Tuesday, January 5, 2010

Sunda

My high anticipation and expectations for Sunda were unfortunately not met, though there is a caveat. I went for an early dinner/post work light eat. Therefore, we focused more on the small plate and sushi items of the menu and did not order a main entre. However, that should not exempt a restaurant for serving relatively uninspiring dishes without a distinct flavor. The decor was impressive, especially in the large space. There were two bars, communal tables, interesting lighting and lots of things to distract your eyes. The service was equally pleasant, fast and knowledgeable about the food they were serving. The front room also gets very high marks.

But it always comes back to the food, that is what we pay far (quite dearly in this case) and why we let someone else do the cooking. As I said, we ordered four small plates to share and call a meal. Two of them were sushi rolls (more sushi and sashimi on the menu then I expected), the duck bao and finally the highly touted Devils basket (soft shell crab in a whole host of chili peppers and other hot spices).The Number Nine ($16) and Golden Child ($12) specialty rolls were anything but special in my opinion, especially for the price. Number nine is a shrimp, unagi, tobiko, asparagus, tempura flake, kaiware and unagi sauce while golden child consists of super white tuna, mango, avocado, tempura crumbs with mango crème. I am normally a huge fan of large and complicated maki rolls as I love the different flavors you can create in one bite. Unfortunately I did not get any of that with either roll, with the main culprit being I couldn't quite taste anything from the fish which is supposed to be the star of the show. I think the golden child roll was a bit more satisfying with the mango flavor, but neither one was good enough to order more of (a fair standard for which I judge maki rolls). Maybe I'm being harsh, but there are plenty of good local sushi places I can go for complicated rolls at much less cost. The Duck Bao buns (4 for $10) were also confusing and disappointing in that the main flavor should be the duck, which did not have a lot of flavor. The second part is that the bao bun is more like a bao sandwich, which turns into a lot of bao dough served with some only ok duck. Finally there was the Devils basket, wok tossed crispy soft shell crabs in dried chilies, shallots, scallions and toasted garlic ($16). Hailed by Chicago Magazine as the best new dish of 2009, I was very curious what would come out of the kitchen. I don't know if I would crown it the best dish of the year, but it was by far the best dish of the night. Lots of good flavors with an overall message of spicy crispy goodness. Unfortunately it was the only such dish that seemed to have everything figured out to present a unified flavor.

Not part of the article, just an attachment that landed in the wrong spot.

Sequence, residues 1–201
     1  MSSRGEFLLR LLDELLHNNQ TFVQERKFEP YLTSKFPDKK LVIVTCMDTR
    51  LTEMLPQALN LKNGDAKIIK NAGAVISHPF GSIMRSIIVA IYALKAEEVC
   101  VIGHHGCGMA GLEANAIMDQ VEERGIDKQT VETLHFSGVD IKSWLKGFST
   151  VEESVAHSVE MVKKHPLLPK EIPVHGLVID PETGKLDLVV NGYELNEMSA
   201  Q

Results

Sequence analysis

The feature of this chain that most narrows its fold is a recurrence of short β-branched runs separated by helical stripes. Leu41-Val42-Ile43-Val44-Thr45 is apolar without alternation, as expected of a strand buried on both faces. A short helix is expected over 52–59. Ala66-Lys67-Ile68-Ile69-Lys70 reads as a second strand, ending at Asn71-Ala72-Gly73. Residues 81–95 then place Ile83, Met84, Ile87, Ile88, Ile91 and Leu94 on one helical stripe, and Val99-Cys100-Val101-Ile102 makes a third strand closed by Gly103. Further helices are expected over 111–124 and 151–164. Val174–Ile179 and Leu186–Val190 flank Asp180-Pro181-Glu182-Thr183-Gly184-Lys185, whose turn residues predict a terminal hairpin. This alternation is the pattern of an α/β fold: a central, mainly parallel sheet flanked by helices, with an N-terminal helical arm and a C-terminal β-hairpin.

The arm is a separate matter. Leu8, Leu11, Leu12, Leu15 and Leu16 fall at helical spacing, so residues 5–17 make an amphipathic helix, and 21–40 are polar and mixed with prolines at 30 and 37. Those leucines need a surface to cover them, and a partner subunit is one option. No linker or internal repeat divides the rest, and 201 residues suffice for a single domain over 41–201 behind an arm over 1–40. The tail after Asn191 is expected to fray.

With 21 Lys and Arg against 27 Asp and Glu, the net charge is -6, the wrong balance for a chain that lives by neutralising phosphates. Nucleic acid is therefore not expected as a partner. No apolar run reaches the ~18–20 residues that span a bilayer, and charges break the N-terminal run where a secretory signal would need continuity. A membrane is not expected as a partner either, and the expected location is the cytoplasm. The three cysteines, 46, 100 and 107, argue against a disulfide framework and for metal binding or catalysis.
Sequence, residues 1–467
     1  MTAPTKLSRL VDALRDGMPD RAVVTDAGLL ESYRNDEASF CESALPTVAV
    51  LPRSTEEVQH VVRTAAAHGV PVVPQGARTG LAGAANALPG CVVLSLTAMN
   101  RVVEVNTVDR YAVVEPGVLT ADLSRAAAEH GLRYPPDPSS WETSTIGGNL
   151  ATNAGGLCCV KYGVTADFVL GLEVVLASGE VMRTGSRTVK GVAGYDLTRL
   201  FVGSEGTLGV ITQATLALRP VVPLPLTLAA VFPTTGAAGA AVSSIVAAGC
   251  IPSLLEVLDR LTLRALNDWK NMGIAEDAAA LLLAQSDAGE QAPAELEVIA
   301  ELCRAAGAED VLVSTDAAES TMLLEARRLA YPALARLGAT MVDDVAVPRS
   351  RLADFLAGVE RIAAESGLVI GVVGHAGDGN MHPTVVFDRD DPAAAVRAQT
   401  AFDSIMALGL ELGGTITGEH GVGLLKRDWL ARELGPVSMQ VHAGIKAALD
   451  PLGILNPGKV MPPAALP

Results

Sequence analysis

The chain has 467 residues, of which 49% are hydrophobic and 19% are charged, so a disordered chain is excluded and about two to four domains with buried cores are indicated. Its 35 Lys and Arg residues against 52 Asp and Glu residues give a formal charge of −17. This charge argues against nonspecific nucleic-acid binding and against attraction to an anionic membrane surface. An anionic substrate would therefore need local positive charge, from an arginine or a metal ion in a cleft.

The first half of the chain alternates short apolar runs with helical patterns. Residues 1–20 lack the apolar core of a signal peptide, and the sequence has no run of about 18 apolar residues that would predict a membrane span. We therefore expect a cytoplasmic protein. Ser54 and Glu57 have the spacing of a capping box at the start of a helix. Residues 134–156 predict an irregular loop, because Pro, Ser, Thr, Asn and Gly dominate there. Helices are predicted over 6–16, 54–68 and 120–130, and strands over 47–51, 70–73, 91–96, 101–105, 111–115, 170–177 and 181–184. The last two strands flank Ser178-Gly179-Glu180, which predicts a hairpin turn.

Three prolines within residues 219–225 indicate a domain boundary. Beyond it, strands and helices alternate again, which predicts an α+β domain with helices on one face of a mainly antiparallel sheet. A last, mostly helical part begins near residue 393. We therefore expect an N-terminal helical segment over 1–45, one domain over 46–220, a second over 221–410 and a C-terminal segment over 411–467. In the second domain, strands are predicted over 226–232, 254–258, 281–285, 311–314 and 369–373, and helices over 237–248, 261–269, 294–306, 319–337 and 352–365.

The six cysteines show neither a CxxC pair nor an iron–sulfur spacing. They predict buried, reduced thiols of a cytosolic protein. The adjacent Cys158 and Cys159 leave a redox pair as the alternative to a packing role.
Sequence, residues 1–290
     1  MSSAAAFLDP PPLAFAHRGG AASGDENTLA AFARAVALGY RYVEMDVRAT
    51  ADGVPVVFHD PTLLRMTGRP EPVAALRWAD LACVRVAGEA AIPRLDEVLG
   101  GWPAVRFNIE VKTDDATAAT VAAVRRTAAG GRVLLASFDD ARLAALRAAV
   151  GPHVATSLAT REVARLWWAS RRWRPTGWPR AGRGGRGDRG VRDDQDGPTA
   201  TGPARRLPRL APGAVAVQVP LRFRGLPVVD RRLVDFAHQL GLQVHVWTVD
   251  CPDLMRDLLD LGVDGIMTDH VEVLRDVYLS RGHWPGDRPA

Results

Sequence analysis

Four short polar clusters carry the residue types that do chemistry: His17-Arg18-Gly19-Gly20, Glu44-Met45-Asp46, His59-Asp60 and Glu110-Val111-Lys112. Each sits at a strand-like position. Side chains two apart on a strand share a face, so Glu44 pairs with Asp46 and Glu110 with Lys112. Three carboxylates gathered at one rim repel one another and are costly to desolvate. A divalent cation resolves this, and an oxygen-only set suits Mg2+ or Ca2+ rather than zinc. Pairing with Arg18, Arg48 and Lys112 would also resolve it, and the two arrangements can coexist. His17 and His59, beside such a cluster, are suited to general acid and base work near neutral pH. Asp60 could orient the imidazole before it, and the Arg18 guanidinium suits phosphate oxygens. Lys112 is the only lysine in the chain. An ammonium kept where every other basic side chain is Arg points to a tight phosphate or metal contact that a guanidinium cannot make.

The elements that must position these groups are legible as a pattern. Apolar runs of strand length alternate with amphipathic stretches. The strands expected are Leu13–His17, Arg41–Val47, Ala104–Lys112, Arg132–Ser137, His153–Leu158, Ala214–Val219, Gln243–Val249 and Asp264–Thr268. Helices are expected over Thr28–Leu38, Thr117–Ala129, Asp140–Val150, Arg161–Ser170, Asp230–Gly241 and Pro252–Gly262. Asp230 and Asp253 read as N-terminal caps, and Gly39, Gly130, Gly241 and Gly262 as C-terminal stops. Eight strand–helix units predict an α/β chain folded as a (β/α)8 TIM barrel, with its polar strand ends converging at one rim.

My main message is not that I had a horrible time, or that the food was terrible and inedible. Quite the contrary. And maybe my expectations were a little high walking in the door so that anything but perfection would be a let down. But what I keep thinking about is that most of the food presented did not pass the sniff test, simply is the food tasty with good flavors. Combine that with questionable value and you leave scratching your head.

Maybe I had a bad night, or they had a bad night because everywhere I look is nothing but praise. I would love to come back, try the main course dishes (they do look very interesting and tasty) and change my opinion (I always love good food); when I do, I know I won't be paying the bill.




The Number Nine

 Golden Child


Four Duck Baos



The Devil's Basket

Sunda on Urbanspoon

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